About a month ago, Uniswap gave some insights into the much-anticipated Uniswap V3, an upgrade that has the potential to change the face of decentralized exchanges (DEXs). By introducing concentrated liquidity and multiple fee tiers, Uniswap V3 promises to be “the most flexible and efficient AMM ever designed.” It aims to significantly improve the quality of trade execution and capital efficiency.
Before discussing some of the upgrades to be introduced by V3, here’s a quick rundown of the previous versions.
In late 2018, the decentralized finance protocol launched Uniswap V1. The constant function maker x*y=k was a proof of concept that kick-started further innovations for automated market makers (AMMs). The simple equation enabled the decentralization of market-making and non-custodial trading.
In May 2020, Uniswap V2 was launched, introducing new optimizations. V2 laid the foundation for exponential growth in the AMM sector. For one, it enabled ERC20/ERC20 trading pairs, which was previously impossible since traders had to pair every asset with Ethereum.
Since its launch, V2 has facilitated more than $135 billion in trading volume, making Uniswap one of the largest crypto spot exchanges in the world. Last month alone, Uniswap saw over $35 billion in trading volume and accounted for over 50% of the total DEX monthly volume. The total value locked (TVL) in the protocol has surged to over $4.7 billion this month. Comparatively, the entire value locked on all DeFi-based platforms is approximately $48 million.
Sadly, despite the impressive numbers, Uniswap and other AMMs protocols are inherently flawed. They are plagued with issues such as capital efficiency, impermanent loss (IL), high gas fees, slippage, speed, and multi-token exposure. Take capital efficiency, for instance, since AMMs distribute funds uniformly across a 0 to infinity price range, only capital allocated near market prices are utilized efficiently. A significant portion of these allocations is only available when the price curve begins to go exponential. Put differently, AMMs need far greater levels of liquidity to match slippage on traditional order book exchanges.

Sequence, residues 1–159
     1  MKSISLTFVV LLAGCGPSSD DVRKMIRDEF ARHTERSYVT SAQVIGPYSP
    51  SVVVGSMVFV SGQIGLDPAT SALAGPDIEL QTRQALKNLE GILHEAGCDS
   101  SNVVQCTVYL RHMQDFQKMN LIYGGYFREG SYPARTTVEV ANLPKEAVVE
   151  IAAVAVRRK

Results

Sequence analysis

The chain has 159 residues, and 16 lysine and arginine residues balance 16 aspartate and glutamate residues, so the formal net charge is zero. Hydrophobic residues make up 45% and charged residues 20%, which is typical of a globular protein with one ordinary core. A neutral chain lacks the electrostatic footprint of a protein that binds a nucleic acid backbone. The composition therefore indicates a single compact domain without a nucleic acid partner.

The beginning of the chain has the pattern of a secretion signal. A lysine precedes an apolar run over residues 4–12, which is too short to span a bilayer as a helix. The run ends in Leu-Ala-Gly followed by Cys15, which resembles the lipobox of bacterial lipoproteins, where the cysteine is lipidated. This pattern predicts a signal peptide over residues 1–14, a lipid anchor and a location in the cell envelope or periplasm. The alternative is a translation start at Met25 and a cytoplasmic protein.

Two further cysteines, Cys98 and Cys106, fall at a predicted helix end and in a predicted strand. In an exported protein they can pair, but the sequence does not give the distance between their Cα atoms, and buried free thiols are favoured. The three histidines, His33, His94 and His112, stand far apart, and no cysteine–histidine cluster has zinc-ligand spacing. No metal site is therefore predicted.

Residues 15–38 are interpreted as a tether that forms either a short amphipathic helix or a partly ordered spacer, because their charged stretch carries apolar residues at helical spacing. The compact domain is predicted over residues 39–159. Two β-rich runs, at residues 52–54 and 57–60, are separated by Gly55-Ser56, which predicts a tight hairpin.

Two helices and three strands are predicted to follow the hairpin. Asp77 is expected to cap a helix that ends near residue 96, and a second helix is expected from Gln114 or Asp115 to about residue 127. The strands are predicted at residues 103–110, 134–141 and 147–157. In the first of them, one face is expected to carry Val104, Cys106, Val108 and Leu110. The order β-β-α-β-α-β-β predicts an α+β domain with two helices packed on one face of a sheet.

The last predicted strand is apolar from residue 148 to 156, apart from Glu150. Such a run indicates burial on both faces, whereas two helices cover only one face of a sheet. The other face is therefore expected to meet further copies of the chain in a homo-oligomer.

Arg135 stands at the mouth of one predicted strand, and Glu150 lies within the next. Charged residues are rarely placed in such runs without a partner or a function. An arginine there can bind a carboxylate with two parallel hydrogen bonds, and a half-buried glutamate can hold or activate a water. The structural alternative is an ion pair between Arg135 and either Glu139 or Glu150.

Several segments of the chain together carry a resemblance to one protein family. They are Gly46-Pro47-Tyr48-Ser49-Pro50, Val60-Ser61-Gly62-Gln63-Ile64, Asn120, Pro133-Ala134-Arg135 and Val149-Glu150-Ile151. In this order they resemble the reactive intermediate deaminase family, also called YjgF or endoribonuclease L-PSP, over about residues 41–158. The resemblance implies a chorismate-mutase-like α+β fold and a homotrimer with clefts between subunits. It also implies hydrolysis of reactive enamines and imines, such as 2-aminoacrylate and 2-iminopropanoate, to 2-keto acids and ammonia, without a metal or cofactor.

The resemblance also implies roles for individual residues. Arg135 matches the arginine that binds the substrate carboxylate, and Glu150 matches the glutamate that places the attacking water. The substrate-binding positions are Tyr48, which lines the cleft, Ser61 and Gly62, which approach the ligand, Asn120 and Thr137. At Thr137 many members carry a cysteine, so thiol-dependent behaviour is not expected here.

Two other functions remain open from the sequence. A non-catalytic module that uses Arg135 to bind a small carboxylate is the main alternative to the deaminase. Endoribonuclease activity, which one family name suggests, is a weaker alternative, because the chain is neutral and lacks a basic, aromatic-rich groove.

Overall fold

Uniswap V3 is meant to tackle some of these bottlenecks, particularly the liquidity problem and gas costs.
One of the key upgrades that V3 will introduce is concentrated liquidity. According to Uniswap, this feature gives liquidity providers (LPs) “control over what price ranges their capital is allocated to. Individual positions are aggregated together into a single pool, forming one combined curve for users to trade against.” In other words, LPs will be able to make markets within customized price ranges and create individual price curves.
Concentrated liquidity will significantly improve capital efficiency for LPs. Uniswap claims that LPs will be able to provide liquidity with up to 4000x capital efficiency relative to V2.
Furthermore, individual LP positions will now be combined to form a single pool and an aggregated curve for users to trade against. This setup eliminates the gas cost increase per liquidity provider. “Trading fees collected at a given price range are split pro-rata by LPs proportional to the amount of liquidity they contributed to that range.”
Uniswap V3 also features a tiered fee structure. Instead of the current 0.3% flat fee, V3 will introduce three tiers of fees for different pools – 0.05%, 0.3%, and 1%. The new structure will help LPs to streamline their margins according to the pair volatility. For instance, stable asset pairs such as USDC/DAI will be around the 0.05% fee tier. Meanwhile, riskier and non-correlated pairs like ETH/DAI will be in the 0.3% range.
Uniswap V3 introduces other upgrades such as updated oracles. Overall, the upgrade will significantly improve AMMs. The effectiveness of the upgrade will be crucial to attracting new capital inflow to the DEX space.